ABSTRACT: Interpretation of Small-Scale Geologic Features and Depositional Facies Analysis Using Borehole Images
Laura Stager Foulk, Robert A. Young
Critical geologic features indicating the depositional facies of a sedimentary sequence are often small and, therefore, cannot be directly inferred from conventional wireline logs. However, recognition of smallscale geologic features, down to 1.25 cm (0.5 in.), is now routinely accomplished using high-resolution resistivity images.
Facies analysis studies using images employ techniques similar to facies analysis using core. Facies analysis involves three steps: (1) recognition of internal sedimentary structures such as thin beds, crossbeds, convoluted bedding, fractures, bioturbation, shell fragments, concretions, and vugular porosity; (2) identification of bedding plane geometry and bed stacking patterns; and (3) fitting these observations into a facies model appropriate to the regional facies interpretation.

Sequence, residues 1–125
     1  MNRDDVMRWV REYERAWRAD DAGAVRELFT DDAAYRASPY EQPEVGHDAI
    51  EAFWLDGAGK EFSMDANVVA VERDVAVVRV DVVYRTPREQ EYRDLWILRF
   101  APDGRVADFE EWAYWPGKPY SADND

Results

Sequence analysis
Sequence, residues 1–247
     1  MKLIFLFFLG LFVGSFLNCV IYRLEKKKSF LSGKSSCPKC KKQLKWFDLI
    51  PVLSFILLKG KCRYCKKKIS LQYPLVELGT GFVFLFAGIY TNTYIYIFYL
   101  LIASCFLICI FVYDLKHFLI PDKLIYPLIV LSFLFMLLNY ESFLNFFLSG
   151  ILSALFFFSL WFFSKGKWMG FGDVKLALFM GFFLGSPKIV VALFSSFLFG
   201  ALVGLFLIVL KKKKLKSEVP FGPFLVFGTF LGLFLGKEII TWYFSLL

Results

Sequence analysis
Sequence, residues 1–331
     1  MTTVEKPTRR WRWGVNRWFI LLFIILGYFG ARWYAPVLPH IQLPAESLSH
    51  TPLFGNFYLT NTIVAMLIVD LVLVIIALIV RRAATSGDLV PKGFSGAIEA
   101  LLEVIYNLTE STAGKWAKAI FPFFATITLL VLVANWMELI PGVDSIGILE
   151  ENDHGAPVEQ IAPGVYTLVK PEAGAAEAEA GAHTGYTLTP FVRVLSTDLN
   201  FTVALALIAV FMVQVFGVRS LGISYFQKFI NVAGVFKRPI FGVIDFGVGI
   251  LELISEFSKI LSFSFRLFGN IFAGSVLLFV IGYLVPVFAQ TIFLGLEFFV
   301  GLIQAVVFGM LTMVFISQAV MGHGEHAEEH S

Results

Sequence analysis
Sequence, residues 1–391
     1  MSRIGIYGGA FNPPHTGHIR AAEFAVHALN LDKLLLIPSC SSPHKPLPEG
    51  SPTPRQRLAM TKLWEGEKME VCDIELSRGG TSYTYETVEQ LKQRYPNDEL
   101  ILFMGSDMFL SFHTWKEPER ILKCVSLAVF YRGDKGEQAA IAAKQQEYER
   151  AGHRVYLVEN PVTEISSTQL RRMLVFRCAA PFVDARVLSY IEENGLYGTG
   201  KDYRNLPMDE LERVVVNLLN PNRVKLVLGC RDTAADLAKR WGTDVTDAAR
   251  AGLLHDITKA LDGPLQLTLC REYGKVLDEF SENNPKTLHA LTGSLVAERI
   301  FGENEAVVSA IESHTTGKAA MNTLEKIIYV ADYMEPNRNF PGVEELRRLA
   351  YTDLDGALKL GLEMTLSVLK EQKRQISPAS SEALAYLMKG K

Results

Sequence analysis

Deep-water turbidite facies are recognized on images as thin regular laminations, usually in cyclic depositional units. Bioturbated facies, characterized on images by shell fragments, vertical burrows, and lateral disruptions of interbedded sand/shale laminations, indicate low-energy shallow-water shelf environments. Slumping, convoluted bedding and other soft sediment deformation are seen on images of deep-water slope or fan channel depositional units. Thin sands, interbedded with shale, thicken and coarsen upward in images from distal delta environments. All these environments have been identified through image studies in the Gulf of Mexico region.
Results from image facies analysis augment core facies analysis, bringing core on-depth, identifying missing core sections, and extending reservoir evaluation to noncored zones.
AAPG Search and Discovery Article #91003©1990 AAPG Annual Convention, San Francisco, California, June 3-6, 1990